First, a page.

Linux – Why does du -b show a different result than stat


I've recently ran into this problem:

find /tmp/tmp33hn25wv -type f -exec stat --format='%s' {} + | awk '{s+=$1} END {print s}'

du -bs /tmp/tmp33hn25wv
12198004    /tmp/tmp33hn25wv

Results are consistently different. All files are written in multiples of block-size bytes.

Where does du find these extra bytes? I understand that file-system may need more or less space to store the contents of the files, but I hoped that -b option to du means that it has to count the "apparent" size, not the size used by file system…

Best Answer

  • du includes the size of directories. If you add -type d to the find criteria you may get the result you want (I do on a directory tree containing only standard files):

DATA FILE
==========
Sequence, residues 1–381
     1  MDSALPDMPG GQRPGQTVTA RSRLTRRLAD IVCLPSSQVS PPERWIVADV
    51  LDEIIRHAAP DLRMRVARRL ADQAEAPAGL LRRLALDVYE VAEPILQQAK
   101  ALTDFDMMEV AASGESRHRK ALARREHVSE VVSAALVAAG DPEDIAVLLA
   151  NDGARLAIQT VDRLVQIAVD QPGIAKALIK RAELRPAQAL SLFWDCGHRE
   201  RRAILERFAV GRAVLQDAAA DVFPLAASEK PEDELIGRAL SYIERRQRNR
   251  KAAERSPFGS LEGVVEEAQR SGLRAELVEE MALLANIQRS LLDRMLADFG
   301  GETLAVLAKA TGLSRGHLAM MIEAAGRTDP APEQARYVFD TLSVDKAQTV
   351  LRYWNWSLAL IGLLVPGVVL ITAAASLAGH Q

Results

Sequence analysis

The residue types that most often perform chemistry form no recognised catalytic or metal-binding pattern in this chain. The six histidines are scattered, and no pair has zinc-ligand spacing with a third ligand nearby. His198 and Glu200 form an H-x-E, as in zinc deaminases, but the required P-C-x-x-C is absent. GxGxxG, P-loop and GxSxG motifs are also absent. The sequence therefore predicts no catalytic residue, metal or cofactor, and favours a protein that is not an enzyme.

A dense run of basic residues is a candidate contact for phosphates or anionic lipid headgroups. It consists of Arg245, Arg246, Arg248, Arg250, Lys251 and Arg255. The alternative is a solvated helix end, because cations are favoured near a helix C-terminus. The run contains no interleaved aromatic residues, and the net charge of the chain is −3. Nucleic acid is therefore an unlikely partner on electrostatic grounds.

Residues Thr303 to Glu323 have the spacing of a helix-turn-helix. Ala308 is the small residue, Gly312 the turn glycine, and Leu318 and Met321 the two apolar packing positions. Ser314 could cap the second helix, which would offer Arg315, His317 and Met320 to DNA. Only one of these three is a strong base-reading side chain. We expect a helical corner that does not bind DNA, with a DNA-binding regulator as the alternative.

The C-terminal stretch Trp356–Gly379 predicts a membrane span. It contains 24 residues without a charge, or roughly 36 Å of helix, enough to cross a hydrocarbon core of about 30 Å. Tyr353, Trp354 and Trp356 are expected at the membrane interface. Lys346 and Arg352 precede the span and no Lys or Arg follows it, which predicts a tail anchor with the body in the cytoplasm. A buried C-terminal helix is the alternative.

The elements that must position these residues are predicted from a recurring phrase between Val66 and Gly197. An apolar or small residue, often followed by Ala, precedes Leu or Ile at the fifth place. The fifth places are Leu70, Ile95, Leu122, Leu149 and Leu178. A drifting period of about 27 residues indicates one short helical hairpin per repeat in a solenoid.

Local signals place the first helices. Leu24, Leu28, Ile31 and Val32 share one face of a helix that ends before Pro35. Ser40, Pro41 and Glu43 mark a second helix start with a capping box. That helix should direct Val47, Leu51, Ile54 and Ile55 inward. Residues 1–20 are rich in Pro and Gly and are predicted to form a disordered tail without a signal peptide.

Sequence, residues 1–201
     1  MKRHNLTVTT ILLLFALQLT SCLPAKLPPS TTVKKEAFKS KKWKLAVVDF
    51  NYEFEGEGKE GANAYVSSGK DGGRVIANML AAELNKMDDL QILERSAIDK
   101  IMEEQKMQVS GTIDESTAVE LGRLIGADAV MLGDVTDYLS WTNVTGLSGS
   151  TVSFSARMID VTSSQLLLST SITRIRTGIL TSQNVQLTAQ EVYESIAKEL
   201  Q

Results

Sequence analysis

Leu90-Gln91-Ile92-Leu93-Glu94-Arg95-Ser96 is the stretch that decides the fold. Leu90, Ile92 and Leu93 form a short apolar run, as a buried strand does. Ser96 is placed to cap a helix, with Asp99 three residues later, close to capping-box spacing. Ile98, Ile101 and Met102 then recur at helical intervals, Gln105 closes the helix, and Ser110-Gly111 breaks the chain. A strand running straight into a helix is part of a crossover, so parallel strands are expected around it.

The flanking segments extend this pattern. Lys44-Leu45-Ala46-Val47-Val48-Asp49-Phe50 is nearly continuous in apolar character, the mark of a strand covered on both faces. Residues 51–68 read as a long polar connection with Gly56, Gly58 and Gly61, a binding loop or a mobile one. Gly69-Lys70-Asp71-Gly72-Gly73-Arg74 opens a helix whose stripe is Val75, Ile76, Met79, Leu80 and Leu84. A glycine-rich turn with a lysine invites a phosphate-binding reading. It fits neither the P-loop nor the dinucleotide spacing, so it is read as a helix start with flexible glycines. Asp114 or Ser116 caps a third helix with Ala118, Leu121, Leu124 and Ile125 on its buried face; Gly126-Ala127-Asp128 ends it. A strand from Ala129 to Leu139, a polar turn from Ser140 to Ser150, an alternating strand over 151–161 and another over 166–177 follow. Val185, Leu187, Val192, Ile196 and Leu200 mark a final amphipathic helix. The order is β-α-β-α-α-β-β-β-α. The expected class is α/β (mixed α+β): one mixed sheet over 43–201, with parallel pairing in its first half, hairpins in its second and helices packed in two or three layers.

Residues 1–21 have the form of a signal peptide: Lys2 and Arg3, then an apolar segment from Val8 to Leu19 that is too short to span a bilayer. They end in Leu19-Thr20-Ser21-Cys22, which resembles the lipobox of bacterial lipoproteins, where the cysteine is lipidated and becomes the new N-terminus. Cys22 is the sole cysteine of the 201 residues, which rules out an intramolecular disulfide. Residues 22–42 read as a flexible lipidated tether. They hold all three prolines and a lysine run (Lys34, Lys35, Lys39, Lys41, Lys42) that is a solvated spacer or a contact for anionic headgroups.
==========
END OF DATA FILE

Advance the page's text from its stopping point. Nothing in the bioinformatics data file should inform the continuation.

find /tmp/tmp33hn25wv \( -type f -o -type d \) -exec stat --format='%s' {} + |\
        awk '{s+=$1} END {print s}'

    However, there may be other file types that take up space, so try omitting the type check altogether:

    find /tmp/tmp33hn25wv -exec stat --format='%s' {} + | awk '{s+=$1} END {print s}'